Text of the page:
The Secondary Housing Market and What It Means For Loan Rates

The Secondary Housing Market and What It Means For Loan Rates

When you’re buying a home, it feels like the most important thing in the world: Is my mortgage approved? Can I get my mortgage? But then you close on the property, and you start sending in your mortgage checks once a month, and all those dealings you had with your lender kind of fade away. It may surprise you to find out that it’s that way for them too. It used to be that a lender would make you a mortgage loan, and you’d send them a check every month, and they’d take it.

The Secondary Mortgage Market

Now, likely as not, they’re going to sell off your loan into what’s called the secondary mortgage market. What does that mean to you? Well, in the short-term, nothing. Your payments won’t change, although you may end up sending your check to a different place. My first mortgage was through Dime, I think (I’ve owned a couple of places since then because I like to play real-life Monopoly), and then I ended up sending checks to Chase or somebody like that. But as you can see from the fact that I can’t remember, who your loan gets sold to is not that important—unless there’s only one buyer. That’s what’s been happening with mortgages lately...and by lately I mean the past couple of years. There’s basically one secondary buyer, and that’s Fannie Mae, a federally established organization set up to buy mortgage loans.

A Secondary Market Was Created to Lower Risk

The original idea was that by having a secondary buyer, the federal government would reduce the risk to the banks, and that would generally lower interest rates, and having lower interest rates would make it easier for Americans to buy houses. Well, when Fannie Mae was set up in 1938 during the Great Depression, that was a swell idea. The problem is that a lot has changed in the 70 years since then. Nowadays, having just one buyer means that everybody plays by pretty much the same set of rules—Fannie Mae’s rules. (In case you’re curious, “Fannie Mae” stands for Federal National Mortgage Association.) Fannie Mae and its brother organization, which is nicknamed “Freddie Mac,” own or guarantee more than half the mortgage loans in the U.S. That’s a pretty big gorilla!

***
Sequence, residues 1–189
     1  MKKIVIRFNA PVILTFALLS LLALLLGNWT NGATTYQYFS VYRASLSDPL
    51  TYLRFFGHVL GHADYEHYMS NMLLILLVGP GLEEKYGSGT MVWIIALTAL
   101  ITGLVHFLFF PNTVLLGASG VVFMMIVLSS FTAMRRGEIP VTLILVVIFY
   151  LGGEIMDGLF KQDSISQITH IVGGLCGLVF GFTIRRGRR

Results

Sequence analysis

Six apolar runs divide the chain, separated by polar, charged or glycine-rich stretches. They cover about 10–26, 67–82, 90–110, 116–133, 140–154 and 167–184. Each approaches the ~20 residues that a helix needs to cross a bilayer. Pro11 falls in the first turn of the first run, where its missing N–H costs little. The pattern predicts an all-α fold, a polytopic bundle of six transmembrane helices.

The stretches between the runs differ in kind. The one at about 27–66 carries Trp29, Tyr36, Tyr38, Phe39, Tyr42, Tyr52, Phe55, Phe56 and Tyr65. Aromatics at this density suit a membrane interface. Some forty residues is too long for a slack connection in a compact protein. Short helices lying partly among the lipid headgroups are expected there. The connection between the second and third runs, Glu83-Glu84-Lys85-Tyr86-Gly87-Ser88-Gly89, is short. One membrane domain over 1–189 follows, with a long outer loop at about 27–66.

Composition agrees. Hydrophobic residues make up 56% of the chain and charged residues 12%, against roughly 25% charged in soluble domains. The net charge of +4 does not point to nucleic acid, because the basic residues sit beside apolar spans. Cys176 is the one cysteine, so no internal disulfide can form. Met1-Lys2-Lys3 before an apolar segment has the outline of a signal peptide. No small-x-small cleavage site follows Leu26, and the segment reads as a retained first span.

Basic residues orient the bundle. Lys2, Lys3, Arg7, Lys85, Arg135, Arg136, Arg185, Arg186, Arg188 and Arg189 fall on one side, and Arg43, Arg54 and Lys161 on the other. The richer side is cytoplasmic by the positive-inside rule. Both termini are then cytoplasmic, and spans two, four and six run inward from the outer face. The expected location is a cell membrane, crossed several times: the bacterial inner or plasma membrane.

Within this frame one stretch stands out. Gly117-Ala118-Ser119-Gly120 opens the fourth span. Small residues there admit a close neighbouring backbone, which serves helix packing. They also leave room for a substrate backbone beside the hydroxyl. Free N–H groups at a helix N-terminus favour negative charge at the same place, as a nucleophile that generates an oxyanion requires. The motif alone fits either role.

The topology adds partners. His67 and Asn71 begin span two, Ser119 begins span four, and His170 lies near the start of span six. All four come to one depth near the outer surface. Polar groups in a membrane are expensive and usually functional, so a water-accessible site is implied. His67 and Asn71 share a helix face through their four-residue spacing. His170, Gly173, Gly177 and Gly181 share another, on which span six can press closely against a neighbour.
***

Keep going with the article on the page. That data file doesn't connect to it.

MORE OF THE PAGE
A Secondary Market Standardizes Procedures

In the current mortgage market, that means that you’ll pay pretty much the same penalty for having a low credit score, no matter which bank you go to. It means that the paperwork—which, if you’re buying a house, is enough to drive you nuts—is becoming pretty standardized. If one bank wants a certain kind of letter from your employer, then they’re all going to want it. (Which is really annoying if you work for a huge corporation, where the human resources department doesn’t want to write those letters, and instead sends you to a web site.)

You know how your mom and dad used to say “you can’t fight City Hall?” Well, today, we could say “you can’t fight Fannie Mae.” When your mortgage officer asks for you for yet another piece of paper, remember it’s for his secondary buyer, and there’s probably no way to skip it. Just do it.


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